Context and Purpose: Depression among rural women is a major public health concern. The purpose of this study was to test the competing theories of social causation and social selection to assess the relationship between depression and economic status for a sample of rural, low-income women in the United States. Methods: Structural equation modeling was used to analyze data from Rural Families Speak, a US Department of Agriculture-funded multi-state, longitudinal study of rural low-income families (N = 413). Findings: Results indicated that the social causation theory yielded a better approximation of the relationship between economic status and depression (RMSEA = 0.50 for a model based on this theory) than the social selection theory (RMSEA = 0.067). Conclusions: The association between lesser economic status and depressive symptoms is pressing in rural areas, given the high prevalence of both depression and poverty. These findings further emphasize the need for improved mental health services in this vulnerable population.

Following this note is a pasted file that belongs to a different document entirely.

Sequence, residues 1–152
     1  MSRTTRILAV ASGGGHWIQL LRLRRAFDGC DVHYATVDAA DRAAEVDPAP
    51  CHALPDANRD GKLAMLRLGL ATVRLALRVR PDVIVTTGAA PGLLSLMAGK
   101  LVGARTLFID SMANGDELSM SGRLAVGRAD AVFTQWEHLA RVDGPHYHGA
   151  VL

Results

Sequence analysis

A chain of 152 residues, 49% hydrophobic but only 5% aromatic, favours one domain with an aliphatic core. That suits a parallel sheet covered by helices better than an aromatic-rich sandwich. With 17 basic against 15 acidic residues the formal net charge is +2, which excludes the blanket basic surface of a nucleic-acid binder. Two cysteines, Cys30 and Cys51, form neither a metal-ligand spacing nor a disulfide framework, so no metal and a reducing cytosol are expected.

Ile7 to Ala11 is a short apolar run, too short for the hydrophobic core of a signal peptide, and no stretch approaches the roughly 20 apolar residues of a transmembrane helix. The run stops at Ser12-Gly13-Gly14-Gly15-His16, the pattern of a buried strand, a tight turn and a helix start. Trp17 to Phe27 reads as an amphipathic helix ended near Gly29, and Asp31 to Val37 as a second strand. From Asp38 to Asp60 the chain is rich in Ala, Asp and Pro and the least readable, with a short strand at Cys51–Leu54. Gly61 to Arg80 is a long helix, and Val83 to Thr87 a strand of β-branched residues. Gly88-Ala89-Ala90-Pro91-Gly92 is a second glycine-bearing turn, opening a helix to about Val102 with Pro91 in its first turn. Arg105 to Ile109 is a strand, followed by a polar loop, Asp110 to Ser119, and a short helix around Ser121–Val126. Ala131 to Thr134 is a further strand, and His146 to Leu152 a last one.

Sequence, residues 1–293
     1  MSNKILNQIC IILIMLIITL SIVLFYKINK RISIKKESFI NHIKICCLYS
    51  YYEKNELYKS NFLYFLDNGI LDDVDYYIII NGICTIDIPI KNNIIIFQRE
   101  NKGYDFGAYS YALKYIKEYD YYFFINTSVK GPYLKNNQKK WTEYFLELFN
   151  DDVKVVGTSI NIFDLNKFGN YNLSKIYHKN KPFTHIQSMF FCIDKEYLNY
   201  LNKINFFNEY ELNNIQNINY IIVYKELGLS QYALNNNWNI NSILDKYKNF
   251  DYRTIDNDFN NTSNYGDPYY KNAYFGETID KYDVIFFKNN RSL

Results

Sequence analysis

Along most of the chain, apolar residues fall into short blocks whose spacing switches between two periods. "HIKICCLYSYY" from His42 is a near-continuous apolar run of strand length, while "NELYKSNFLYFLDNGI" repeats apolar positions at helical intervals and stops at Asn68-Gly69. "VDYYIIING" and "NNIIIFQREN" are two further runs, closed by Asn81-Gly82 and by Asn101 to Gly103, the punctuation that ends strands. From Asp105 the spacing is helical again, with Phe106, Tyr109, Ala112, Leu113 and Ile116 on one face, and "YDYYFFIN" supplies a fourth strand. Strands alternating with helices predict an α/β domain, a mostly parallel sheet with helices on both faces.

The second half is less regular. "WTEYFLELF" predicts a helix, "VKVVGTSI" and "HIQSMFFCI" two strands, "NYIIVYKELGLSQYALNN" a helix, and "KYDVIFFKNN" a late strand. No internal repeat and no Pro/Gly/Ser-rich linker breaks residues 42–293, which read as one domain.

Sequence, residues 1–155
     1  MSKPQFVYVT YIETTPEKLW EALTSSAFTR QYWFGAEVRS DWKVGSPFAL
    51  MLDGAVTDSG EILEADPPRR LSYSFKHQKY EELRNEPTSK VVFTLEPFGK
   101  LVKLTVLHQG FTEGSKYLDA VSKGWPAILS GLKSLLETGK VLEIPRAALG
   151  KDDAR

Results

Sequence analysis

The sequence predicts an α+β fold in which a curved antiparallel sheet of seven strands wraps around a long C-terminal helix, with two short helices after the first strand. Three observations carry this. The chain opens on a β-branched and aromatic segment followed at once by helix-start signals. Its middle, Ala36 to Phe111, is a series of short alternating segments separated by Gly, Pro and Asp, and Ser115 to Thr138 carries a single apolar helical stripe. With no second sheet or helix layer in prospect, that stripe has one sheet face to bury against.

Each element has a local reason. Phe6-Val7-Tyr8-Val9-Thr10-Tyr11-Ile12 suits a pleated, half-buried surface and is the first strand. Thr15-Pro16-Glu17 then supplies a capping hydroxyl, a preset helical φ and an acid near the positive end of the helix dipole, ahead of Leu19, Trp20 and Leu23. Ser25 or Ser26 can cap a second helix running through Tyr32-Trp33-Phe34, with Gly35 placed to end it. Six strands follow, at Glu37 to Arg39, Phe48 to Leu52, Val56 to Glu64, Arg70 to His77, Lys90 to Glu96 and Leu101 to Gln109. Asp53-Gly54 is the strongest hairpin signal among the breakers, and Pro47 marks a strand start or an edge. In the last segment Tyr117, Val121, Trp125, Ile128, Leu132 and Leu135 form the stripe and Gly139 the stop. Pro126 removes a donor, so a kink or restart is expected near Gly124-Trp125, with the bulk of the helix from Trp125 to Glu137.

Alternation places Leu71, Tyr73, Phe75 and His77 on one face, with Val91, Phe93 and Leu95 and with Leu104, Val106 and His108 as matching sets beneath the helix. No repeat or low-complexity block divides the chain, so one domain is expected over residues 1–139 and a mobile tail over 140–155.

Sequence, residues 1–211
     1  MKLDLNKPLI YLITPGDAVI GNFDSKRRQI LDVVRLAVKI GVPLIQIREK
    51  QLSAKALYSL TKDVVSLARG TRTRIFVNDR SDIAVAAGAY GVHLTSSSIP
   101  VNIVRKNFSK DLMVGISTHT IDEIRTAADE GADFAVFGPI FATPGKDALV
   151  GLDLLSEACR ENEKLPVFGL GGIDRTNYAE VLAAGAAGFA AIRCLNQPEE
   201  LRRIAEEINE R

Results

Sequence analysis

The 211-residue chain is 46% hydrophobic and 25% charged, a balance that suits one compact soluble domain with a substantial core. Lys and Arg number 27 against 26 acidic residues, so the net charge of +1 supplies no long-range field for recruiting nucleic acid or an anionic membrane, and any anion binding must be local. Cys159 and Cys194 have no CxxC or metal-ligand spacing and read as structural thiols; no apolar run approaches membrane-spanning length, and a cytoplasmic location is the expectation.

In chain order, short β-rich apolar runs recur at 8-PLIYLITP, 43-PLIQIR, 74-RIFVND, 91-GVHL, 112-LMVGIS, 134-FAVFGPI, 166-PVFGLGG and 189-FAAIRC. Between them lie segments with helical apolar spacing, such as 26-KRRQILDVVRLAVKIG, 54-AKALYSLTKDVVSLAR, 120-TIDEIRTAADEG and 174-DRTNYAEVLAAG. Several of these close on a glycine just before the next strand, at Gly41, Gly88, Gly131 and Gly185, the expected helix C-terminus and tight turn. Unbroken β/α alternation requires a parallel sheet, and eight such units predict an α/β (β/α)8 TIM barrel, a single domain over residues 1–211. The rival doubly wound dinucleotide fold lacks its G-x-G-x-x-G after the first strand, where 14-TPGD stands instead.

|Number of pages||7|
|Journal||Journal of Rural Health|
|State||Published - Jun 2008|
ASJC Scopus subject areas
- Public Health, Environmental and Occupational Health